LOS ANGELES (AP) — A defense lawyer for Michael Jackson's doctor said Wednesday the singer was so anguished about his deteriorating finances in his final days that he took desperate actions that caused his own death.
The statements by attorney Edward Chernoff came during a pretrial hearing in the case of Dr. Conrad Murray, who has pleaded not guilty to involuntary manslaughter in Jackson's death.
Chernoff was asking to see Jackson's financial records to prove a key defense theory.
"The crux of the defense is going to be that Michael Jackson engaged in a desperate act and took desperate measures that caused his death," Chernoff told Superior Court Judge Michael Pastor. "We believe at the time Michael Jackson died he was a desperate man in relation to his financial affairs."
Deputy District Attorney David Walgren accused the defense of trying to distract from the main issue of the trial — whether Murray acted with gross negligence when he gave Jackson the anesthetic propofol and other sedatives on the day he died..
"This is an irrelevant sideshow designed to take issues away from the jury and smear Michael Jackson," Walgren said. "It has nothing to do with the case on which Dr. Murray is being prosecuted. "
Attorney Howard Weitzman, representing the late singer's estate, also opposed the request for financial records.
"Is the theory that Michael Jackson committed suicide, took his own life?" he said incredulously. "I don't think that's a salable theory.
The judge refused to grant the request.
"I'm not going to turn an involuntary manslaughter trial into some kind of an escapade in analysis of the finances in Michael Jackson's entire life," Pastor said. "Right now this is major deep sea fishing."
However, Pastor did order Weitzman to confer with defense counsel on financial records that are already available in the public record.
The reference to Jackson's finances added a new twist to the defense case.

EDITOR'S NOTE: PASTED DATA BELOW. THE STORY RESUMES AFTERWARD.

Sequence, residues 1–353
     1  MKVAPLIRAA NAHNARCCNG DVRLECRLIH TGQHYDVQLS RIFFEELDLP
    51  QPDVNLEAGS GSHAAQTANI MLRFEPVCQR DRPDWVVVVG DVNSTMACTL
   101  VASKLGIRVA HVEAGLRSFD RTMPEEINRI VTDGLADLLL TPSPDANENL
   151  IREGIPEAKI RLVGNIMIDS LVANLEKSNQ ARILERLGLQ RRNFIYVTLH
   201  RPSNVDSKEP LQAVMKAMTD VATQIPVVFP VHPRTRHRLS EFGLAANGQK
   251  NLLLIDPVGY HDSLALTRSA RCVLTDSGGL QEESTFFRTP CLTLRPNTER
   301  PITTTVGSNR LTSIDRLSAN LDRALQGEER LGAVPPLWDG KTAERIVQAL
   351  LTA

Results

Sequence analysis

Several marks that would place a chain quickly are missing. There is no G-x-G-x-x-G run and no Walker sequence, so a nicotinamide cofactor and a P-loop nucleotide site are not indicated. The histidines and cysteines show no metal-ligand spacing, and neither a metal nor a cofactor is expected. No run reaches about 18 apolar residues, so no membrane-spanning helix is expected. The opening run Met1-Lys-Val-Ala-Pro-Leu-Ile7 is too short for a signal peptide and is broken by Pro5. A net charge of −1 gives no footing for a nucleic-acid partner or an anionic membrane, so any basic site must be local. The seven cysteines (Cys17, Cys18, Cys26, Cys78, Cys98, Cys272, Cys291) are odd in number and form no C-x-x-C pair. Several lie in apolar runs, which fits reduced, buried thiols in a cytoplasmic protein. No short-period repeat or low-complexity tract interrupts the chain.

During an earlier preliminary hearing, Murray's lawyers suggested that Jackson, who was desperate for sleep, gave himself an additional dose of propofol while Murray was in a restroom. A coroner's report showed the singer died of an overdose of propofol and an assortment of other sedatives.
Defense lawyers never used the word suicide and implied his death was accidental but self-inflicted. They seemed poised to argue that Jackson was about to embark on an extremely strenuous concert tour because it was the only way to save himself financially.
They are likely to suggest that was why Jackson was so desperate for sleep as he was preparing for the tour. At a preliminary hearing for Murray, Jackson was quoted by a witness as saying if he didn't sleep he would have to cancel the tour.
Murray's lawyers, Ed Chernoff and Nareg Gourjian, have also asked the judge to limit the evidence offered in court. They have asked that photos of Jackson's body not be admitted as evidence, saying that
"These photographs are graphic, gruesome and highly prejudicial.
"Admission of these photographs to the jurors will jeopardize Dr. Murray's right to a fair trial because of the significant risk that the jury will base their decision not on the evidence presented, but on emotional grounds which play no part in a criminal action."
The also asked that information about Murray's personal life, children and alleged affairs not be admitted. "The prosecution's case involves the treatment and care of Michael Jackson provided by Dr. Murray. It is not about the existence and number of children Dr. Murray has, or about his personal sexual relationship with women."
Lawyers were ordered to return Thursday to continue screening prospective jurors through written questionnaires. Jury selection is scheduled to move into open court on May 4 and opening statements are expected on May 9.